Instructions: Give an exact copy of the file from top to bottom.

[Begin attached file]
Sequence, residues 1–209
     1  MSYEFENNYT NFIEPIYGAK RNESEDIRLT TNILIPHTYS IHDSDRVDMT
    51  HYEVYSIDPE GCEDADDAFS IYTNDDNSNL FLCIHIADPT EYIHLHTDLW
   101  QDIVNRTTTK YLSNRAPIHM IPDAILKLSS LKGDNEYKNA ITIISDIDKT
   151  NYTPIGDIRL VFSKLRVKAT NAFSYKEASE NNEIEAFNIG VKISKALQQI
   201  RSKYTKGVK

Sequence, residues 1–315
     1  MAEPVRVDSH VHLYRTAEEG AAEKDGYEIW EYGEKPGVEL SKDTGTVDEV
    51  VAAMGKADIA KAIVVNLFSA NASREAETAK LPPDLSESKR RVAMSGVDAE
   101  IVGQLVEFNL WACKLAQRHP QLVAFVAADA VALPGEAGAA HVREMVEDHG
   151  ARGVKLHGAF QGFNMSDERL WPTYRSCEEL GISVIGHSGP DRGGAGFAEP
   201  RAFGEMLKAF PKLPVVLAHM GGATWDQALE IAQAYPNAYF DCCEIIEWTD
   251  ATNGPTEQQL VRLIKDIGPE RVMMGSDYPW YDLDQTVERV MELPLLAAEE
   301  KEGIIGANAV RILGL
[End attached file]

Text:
Sequence, residues 1–209
     1  MSYEFENNYT NFIEPIYGAK RNESEDIRLT TNILIPHTYS IHDSDRVDMT
    51  HYEVYSIDPE GCEDADDAFS IYTNDDNSNL FLCIHIADPT EYIHLHTDLW
   101  QDIVNRTTTK YLSNRAPIHM IPDAILKLSS LKGDNEYKNA ITIISDIDKT
   151  NYTPIGDIRL VFSKLRVKAT NAFSYKEASE NNEIEAFNIG VKISKALQQI
   201  RSKYTKGVK

Sequence, residues 1–315
     1  MAEPVRVDSH VHLYRTAEEG AAEKDGYEIW EYGEKPGVEL SKDTGTVDEV
    51  VAAMGKADIA KAIVVNLFSA NASREAETAK LPPDLSESKR RVAMSGVDAE
   101  IVGQLVEFNL WACKLAQRHP QLVAFVAADA VALPGEAGAA HVREMVEDHG
   151  ARGVKLHGAF QGFNMSDERL WPTYRSCEEL GISVIGHSGP DRGGAGFAEP
   201  RAFGEMLKAF PKLPVVLAHM GGATWDQALE IAQAYPNAYF DCCEIIEWTD
   251  ATNGPTEQQL VRLIKDIGPE RVMMGSDYPW YDLDQTVERV MELPLLAAEE
   301  KEGIIGANAV RILGL